Why Your Nose May Be Key to Parkinson's Risk1 year ago
Posted on Oct 03, 2017, 5 p.m.
Losing your sense of smell may be an early sign of an increased risk of developing Parkinson's disease, a new study suggests. Researchers say that people with a poor sense of smell may have as much as five times greater risk of developing Parkinson's.
Dr. Ronald Klatz, President of the A4M, Sept. 29, 2017 agrees saying, “Any information that can help with early detection of a condition is really valuable in starting a treatment program early. One would never think that smell could be an early warning sign. However, anytime a cranial nerve is effected negatively, one needs to look to the future for brain issues.”
(HealthDay News) -- Losing your sense of smell may be an early sign of an increased risk of developing Parkinson's disease, a new study suggests.
Researchers say that people with a poor sense of smell may have as much as five times greater risk of developing Parkinson's.
"Unlike vision or hearing impairment, a poor sense of smell often goes unrecognized," said lead researcher Dr. Honglei Chen. He is a professor of epidemiology and biostatistics at Michigan State University College of Human Medicine in East Lansing.
"Evidence suggests olfactory [sense of smell] impairment may develop years prior to the diagnosis of Parkinson's disease and dementia, the so-called neurodegenerative diseases that we are yet to find a cure for," Chen said.
The researchers found a strong association between smell test results and developing Parkinson's up to six years later. The association remained beyond six years, but was not as strong, he added.
However, Chen stressed that Parkinson's is fairly rare, so not everyone with a poor sense of smell will develop the disease.
Research on the sense of smell may eventually help identify people at high risk for this devastating disease and help scientists understand how Parkinson's develops before a diagnosis is possible, Chen suggested.
James Beck, chief scientific officer at the Parkinson's Foundation, said the sense of smell is a kind of window into the brain.
"Smell testing is indicative of some kind of brain disease. People with Alzheimer's, for instance, experience loss of smell," Beck said. But, he added, having a poor sense of smell doesn't mean that you are doomed to develop Parkinson's or Alzheimer's.
"The loss of sense of smell alone isn't predictive that someone will develop Parkinson's disease -- it's a warning sign that there may be problems ahead," Beck explained.
Testing patients' sense of smell when no early treatment for Parkinson's exists isn't something doctors should be doing, Beck said.
For an average of 10 years, Chen and colleagues followed nearly 2,500 men and women (1,500 white and nearly 1,000 black seniors). At an average age of 75, the study participants took a scratch-and-sniff test that determined their sense of smell.
The test included 12 common odors, such as cinnamon, lemon, gasoline, soap and onion. Participants were asked to pick the correct answer from four choices.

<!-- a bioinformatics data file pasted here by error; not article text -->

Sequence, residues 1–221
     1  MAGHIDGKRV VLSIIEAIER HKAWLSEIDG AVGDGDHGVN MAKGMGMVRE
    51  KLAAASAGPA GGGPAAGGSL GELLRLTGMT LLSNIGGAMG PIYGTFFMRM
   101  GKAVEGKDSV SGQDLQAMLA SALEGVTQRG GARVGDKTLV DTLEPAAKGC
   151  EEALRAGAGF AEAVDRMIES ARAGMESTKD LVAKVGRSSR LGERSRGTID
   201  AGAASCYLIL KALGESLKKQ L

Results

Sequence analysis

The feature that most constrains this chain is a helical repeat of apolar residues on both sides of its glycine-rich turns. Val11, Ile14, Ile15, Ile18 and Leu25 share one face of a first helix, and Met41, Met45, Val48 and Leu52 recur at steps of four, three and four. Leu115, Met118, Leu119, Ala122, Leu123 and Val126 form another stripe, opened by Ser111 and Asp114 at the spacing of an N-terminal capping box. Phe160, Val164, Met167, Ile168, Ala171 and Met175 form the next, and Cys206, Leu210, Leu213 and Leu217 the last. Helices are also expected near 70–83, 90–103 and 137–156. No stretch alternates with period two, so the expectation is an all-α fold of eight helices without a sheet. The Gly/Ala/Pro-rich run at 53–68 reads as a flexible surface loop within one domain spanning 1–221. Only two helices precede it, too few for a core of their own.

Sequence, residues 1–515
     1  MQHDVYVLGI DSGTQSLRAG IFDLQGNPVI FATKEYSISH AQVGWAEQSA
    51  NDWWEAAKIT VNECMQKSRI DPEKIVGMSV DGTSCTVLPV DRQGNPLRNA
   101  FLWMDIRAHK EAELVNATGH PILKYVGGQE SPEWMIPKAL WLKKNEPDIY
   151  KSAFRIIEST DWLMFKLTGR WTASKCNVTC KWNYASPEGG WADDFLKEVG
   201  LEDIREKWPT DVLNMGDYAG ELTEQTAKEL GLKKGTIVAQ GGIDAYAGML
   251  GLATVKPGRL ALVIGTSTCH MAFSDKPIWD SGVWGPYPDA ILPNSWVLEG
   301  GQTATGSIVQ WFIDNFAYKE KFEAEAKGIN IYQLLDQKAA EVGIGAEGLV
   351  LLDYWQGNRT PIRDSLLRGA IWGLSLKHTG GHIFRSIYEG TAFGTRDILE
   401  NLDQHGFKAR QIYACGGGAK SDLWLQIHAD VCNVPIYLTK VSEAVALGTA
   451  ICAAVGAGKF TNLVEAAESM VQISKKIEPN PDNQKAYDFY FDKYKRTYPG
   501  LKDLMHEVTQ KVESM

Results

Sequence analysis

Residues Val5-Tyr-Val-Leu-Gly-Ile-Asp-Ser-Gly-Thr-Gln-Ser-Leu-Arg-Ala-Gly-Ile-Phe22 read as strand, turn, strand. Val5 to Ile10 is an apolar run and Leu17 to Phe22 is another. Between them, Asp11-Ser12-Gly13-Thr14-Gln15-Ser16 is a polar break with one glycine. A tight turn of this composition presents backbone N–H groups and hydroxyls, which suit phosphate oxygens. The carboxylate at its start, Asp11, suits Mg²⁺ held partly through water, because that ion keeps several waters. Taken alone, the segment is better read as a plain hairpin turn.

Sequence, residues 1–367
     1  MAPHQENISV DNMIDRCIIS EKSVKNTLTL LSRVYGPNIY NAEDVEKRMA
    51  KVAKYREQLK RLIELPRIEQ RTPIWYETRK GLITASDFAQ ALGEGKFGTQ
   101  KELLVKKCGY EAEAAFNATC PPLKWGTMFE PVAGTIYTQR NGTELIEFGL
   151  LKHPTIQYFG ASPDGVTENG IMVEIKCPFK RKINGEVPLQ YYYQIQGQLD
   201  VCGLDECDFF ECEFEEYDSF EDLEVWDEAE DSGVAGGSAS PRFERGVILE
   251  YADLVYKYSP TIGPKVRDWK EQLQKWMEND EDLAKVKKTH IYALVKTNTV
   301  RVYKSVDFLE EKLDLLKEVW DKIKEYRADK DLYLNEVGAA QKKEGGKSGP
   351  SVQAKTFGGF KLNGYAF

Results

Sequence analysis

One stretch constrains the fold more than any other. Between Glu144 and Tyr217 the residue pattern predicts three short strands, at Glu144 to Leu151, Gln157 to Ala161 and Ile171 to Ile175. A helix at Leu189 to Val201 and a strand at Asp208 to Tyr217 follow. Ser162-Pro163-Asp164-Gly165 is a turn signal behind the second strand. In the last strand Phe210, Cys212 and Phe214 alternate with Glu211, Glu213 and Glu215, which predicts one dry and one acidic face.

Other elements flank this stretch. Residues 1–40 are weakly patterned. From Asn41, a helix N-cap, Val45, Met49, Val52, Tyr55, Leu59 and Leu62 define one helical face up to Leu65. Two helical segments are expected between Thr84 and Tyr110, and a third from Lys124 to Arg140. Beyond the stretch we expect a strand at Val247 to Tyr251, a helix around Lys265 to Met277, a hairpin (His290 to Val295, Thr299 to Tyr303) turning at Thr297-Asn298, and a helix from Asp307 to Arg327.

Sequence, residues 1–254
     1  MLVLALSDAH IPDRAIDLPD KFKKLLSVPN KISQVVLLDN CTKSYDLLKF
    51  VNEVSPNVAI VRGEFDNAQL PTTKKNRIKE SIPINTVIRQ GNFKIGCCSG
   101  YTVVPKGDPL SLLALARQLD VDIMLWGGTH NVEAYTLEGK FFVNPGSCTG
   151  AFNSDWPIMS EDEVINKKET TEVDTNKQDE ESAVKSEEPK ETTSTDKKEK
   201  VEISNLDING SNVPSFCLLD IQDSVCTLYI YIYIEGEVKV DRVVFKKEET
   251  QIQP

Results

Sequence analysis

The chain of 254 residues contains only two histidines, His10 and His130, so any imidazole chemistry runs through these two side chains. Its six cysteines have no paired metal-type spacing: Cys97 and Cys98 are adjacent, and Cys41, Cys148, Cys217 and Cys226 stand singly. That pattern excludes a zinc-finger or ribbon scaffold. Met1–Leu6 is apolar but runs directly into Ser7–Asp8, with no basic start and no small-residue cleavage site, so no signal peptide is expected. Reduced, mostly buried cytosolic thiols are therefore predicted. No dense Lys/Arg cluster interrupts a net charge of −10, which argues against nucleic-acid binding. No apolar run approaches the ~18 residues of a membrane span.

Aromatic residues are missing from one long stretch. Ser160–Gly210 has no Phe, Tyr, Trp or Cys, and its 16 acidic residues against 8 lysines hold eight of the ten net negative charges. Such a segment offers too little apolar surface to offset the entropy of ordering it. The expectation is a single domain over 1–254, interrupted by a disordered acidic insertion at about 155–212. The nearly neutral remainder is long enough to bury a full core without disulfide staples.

Based on the test, participants were classified as having a poor, medium or good sense of smell.
During the follow-up, 42 people developed Parkinson's disease. Thirty were white and 12 were black, according to the report.
Of the 764 people with a poor sense of smell, 26 developed Parkinson's, compared with seven of the 835 people with a good sense of smell, and nine of the 863 people with a medium sense of smell, Chen's team reported.
The findings stayed the same after researchers took into account other factors that could affect risk of Parkinson's -- including smoking, drinking coffee and a history of head injury.
"While the sample sizes in specific groups are small in this study, especially in blacks and women, the association appears to be stronger in whites than in blacks, and in men than in women," according to Chen.
Dr. David Hiltzik, director of otolaryngology, head and neck surgery at Staten Island University Hospital in New York City, said, "The only area of the brain that has direct contact with the outside world is through the nose."
Many factors can cause loss of smell, so patients shouldn't be worried that losing their sense of smell puts them on the road to Parkinson's, he said.
Some of these causes include vitamin and mineral deficiencies, head trauma, tumors, inflammatory disease and viral infections, Hiltzik said.
Another specialist, Dr. Sami Saba, a neurologist at Lenox Hill Hospital in New York City, agreed that patients needn't worry about Parkinson's disease if they lose their sense of smell.
"Patients should not be very concerned," he said. "Like a lot of things in medicine, this shows that something that is fairly common may increase your risk of something, but Parkinson's is still pretty uncommon," he noted.
"A lot of people have a diminished sense of smell, and those people may be at a higher risk for Parkinson's, but it is still only one in thousands who will develop the disease," Saba said.
The report was published online Sept. 6 in the journal Neurology. SOURCES: Honglei Chen, M.D., Ph.D., professor, epidemiology and biostatistics, Michigan State University College of Human Medicine, East Lansing; James Beck, Ph.D., chief scientific officer, Parkinson's Foundation; Sami Saba, M.D., neurologist, Lenox Hill Hospital, New York City; David Hiltzik, M.D., director, otolaryngology, head and neck surgery, Staten Island University Hospital, New York City; Sept. 6, 2017, Neurology, online
Dr. Ronald Klatz, DO, MD President of the A4M has 28,000 Physician Members, has trained over 150,000 Physicians, health professionals and scientists in the new specialty of Anti-aging medicine. Estimates of their patients numbering in the 100’s of millions World Wide that are living better stronger, healthier and longer lives. www.WorldHealth.net